College gave Kristen Lang “the opportunity to create my next chapter – to be better, not bitter.”
Helped by a scholarship from the Chicago Coalition for the Homeless, Kristen earned a bachelor’s degree in accounting from Benedict College, an historically black college in South Carolina. She graduated in May with high honors and is making plans to go to graduate school.
Kristen worked hard at Benedict. She was elected to student government, presided over the Phi Beta Lambda business club, and worked for the dean of the business school. She was named Benedict’s “Business Student of the Year” before she graduated, completing her degree on time in four years.
With college came success – “and less worries, as in being able to have a dorm room I could go to every night,” Kristen recalls. “Because in Chicago, I mostly lived house to house. I didn’t have a real home, a loving home, until I was adopted in my senior year of high school.”
Homeless more than six years, Kristen and her sister were left to drift among the homes of various relatives. Despite early difficulties in a household that included her mother’s abusive boyfriend, the family split up when Kristen was in fifth grade, after her mother went to prison for business fraud. Kristen and a sister were sent to live with their father; he struggles with addiction, so the three of them doubled-up with relatives, moving frequently.
“I changed schools four times until I finished eighth grade,” said Kristen. She says she kept up academically, but feeling some resentment as a young teen, she would mouth off to teachers.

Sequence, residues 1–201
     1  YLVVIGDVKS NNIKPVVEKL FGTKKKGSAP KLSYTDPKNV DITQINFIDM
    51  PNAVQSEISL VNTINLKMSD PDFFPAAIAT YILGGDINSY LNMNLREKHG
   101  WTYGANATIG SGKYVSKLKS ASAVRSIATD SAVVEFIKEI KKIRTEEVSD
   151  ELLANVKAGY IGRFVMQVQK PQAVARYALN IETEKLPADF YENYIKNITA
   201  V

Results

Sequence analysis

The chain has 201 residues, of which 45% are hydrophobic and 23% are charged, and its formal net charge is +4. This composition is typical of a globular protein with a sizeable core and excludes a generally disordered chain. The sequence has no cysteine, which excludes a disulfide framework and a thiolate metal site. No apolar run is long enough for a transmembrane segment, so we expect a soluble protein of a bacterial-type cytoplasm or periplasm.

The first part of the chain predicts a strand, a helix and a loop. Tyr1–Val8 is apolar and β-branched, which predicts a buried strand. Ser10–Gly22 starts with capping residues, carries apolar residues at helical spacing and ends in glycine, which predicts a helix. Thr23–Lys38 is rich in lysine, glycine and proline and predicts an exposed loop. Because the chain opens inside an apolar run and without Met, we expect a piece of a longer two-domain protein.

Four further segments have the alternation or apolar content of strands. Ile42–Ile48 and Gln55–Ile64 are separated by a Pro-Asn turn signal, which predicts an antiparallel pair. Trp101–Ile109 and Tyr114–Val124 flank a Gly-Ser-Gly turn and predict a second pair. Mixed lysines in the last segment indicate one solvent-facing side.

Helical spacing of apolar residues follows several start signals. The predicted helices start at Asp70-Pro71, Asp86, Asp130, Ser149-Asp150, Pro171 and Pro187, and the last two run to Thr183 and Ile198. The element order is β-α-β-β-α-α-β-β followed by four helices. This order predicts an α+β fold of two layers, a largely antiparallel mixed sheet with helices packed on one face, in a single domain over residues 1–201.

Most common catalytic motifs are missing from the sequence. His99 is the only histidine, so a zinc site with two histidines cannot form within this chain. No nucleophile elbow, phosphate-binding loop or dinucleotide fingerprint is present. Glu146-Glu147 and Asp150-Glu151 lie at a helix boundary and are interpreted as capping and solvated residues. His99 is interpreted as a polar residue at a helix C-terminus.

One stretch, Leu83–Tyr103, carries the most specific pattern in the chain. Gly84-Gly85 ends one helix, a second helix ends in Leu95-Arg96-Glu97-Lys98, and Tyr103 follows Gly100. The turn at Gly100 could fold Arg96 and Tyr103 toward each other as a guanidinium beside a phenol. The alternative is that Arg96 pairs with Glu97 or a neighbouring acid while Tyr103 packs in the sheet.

“I was a jerk,” she admits. “But after freshman year, I started at After School Matters. There, people paid attention to you. Because I was working to earn money, I didn’t want to get fired, so I had to work on my attitude. If I was smart-alecky, I was corrected. They’d sit you down and ask why are you acting like this? I realized I was mad for lack of a mom.”
Kristen decided to focus on her future and doing well at her South Side high school. Life improved, including longer stays with the family of her father’s cousin, a single mom of three. One of the happiest moments of Kristen’s life was when she was asked to join their family permanently.
“She told me, ‘I’ve been thinking about it and we had a family meeting about it. You’re like a daughter to me and I love you.’ Her name is Tina and she’s a wonderful person. I also lived there in the summer during college and now that I’ve graduated.”
Kristen remembers feeling homesick her first weeks at college. But she made friends and got active in school, later hosting “vision board parties” for students to talk about their goals. She says she realized, “Nobody knew where I came from. All that stuff didn’t matter. I could be the person I wanted to grow into, that I wanted the world to see me as.”
Months since graduating, Kristen works in a Chicago school. She is also making plans to earn graduate degrees that would lead to a career in higher education.
“I want to be Dr. Lang. It rings a bell,” she says, smiling.
– Story by Anne Bowhay / Photo by Allison Williams